First Aid - CPR
Using Resusi-Annie to learn CPR
Resusi-Annie (with new lungs)
Teach CPR using Resusi-Annie.
D - Check for Danger to yourself - also shout for some help - ask them to call 999
R - Check for Response - tap on collar bone, speak into both ears, ask for a response e.g. saying "hello, can you hear me? My name's Bob, can you open your eyes/blink/move hand etc if you can hear me".
A - Check Airways. Open their mouth, remove any obstructions. Tilt their head back using two fingers on their chin and a hand on their forehead.
B - Check for Breathing - put your cheek close to their mouth/nose and you will feel if they are breathing. Also watch to see if their chest rises and falls.
If person is breathing, put them in the recovery position.
If they are not breathing:
Call 999 or get someone else to do it. (If you are on your own, phone 999 before starting compressions).
Push firmly downwards in the middle of the chest and then release. These are call chest compressions. This keeps the blood pumping around their body and helps keep the vital organs including the brain alive.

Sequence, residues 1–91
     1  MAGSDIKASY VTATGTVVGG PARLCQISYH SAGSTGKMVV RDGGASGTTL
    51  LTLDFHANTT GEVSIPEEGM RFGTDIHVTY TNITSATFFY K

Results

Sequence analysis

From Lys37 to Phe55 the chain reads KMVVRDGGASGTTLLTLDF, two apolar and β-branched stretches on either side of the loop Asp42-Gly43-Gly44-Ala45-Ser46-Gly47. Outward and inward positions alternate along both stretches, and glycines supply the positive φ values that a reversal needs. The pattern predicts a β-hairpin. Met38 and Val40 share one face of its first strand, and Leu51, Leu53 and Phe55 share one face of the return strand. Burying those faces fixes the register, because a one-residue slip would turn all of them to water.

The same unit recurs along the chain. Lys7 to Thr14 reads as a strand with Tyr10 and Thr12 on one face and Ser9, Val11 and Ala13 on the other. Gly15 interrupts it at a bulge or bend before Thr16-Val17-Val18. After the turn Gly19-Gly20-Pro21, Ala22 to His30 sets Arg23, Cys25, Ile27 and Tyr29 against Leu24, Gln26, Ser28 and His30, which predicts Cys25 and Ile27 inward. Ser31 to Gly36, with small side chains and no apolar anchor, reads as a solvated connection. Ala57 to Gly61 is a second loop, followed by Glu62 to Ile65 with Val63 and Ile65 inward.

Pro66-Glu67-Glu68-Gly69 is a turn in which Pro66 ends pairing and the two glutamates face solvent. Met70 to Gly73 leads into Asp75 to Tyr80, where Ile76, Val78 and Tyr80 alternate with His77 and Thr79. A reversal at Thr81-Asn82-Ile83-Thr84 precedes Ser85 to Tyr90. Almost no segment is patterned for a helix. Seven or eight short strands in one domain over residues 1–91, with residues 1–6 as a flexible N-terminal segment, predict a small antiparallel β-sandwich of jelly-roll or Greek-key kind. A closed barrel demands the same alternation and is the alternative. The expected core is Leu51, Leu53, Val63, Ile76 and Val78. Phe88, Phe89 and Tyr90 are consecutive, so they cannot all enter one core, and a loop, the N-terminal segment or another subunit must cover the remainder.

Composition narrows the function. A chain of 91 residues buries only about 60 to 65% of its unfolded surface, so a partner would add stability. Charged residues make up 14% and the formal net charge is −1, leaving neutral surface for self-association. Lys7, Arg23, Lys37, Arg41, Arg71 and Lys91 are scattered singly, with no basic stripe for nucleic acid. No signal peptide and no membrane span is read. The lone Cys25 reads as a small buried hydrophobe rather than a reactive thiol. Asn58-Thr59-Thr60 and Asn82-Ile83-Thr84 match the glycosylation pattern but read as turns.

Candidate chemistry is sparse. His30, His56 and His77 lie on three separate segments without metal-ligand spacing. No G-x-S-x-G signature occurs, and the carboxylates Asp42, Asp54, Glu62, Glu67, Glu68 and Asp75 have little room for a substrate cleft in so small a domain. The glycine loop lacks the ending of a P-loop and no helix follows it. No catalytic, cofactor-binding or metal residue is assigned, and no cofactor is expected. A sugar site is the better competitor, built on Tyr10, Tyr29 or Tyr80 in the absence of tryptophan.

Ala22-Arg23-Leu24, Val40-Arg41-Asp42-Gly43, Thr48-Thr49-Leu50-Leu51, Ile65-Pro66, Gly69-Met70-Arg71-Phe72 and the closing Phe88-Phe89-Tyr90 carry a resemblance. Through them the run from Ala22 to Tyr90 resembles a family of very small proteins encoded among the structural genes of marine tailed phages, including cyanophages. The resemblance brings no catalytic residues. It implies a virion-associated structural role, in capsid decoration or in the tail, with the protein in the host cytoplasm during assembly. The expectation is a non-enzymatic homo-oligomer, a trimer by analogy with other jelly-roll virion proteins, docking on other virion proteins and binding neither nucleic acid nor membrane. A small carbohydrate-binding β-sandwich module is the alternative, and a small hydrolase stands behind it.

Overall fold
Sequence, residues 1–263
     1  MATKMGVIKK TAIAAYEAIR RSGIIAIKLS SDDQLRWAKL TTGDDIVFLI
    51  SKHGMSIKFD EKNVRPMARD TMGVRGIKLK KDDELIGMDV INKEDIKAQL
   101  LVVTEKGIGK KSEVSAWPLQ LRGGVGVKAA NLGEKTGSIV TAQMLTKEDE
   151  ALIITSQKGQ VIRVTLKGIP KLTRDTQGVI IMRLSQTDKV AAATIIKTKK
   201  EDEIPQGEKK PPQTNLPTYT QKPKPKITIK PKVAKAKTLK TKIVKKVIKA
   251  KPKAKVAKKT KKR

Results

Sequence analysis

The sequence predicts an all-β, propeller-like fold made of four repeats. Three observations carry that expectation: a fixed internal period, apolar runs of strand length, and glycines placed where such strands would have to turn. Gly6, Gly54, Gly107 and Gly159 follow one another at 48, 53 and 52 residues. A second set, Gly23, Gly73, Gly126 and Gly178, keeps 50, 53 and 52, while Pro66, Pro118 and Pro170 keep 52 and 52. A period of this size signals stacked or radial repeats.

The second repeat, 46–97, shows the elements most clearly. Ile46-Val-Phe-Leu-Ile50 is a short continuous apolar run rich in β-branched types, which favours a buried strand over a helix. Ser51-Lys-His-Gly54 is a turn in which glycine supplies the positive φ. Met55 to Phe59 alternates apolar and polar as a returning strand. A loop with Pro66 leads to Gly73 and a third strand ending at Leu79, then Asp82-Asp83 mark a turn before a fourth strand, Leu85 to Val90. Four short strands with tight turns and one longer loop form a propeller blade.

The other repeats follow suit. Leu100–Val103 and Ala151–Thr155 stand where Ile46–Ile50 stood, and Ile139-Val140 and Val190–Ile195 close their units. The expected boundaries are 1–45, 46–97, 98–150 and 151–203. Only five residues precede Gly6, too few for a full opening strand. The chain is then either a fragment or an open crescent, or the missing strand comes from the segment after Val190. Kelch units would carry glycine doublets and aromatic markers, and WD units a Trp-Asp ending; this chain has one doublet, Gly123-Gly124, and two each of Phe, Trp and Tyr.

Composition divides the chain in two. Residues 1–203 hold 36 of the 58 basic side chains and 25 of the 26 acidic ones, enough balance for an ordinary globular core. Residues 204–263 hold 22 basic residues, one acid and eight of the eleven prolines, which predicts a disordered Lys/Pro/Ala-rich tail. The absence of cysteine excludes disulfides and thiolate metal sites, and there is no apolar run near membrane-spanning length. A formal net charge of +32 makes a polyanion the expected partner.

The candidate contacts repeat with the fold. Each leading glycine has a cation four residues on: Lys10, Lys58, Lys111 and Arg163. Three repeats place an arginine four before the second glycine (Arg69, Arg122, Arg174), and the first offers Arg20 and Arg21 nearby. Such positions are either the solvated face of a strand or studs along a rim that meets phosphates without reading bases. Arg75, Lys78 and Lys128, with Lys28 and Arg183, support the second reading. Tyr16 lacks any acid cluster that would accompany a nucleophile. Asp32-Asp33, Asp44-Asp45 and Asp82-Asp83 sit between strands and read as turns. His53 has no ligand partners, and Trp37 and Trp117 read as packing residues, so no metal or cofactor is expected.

Push at a rate of 100 compressions per minute until help arrives (Bee Gees "Staying Alive", or Nelly the Elephant are good songs to use to keep the compressions at about the right rate)
If you feel able, you can combine chest compressions with breathing into their mouth or nose. However, chest compressions is the most important because their blood will already have some oxygen in it and the compressions will keep that blood pumping around the body taking oxygen to their brain.
Breathing into their mouth or nose tops up the oxygen in their lungs. The combination of continuous cycles of 30 chest compressions followed by 2 breaths is called CPR - Cardiopulmonary Resuscitation.
Give 2 steady breaths into their mouth or nose. Seal your mouth over either their mouth or nose, closing the other and blow air into them with two steady breaths. (On a baby under 1 year old you need to seal your mouth around both their nose and mouth, because their faces are much smaller!
- first aid
- Emergency Aid - 999
- Emergency Aid - Unconscious not breathing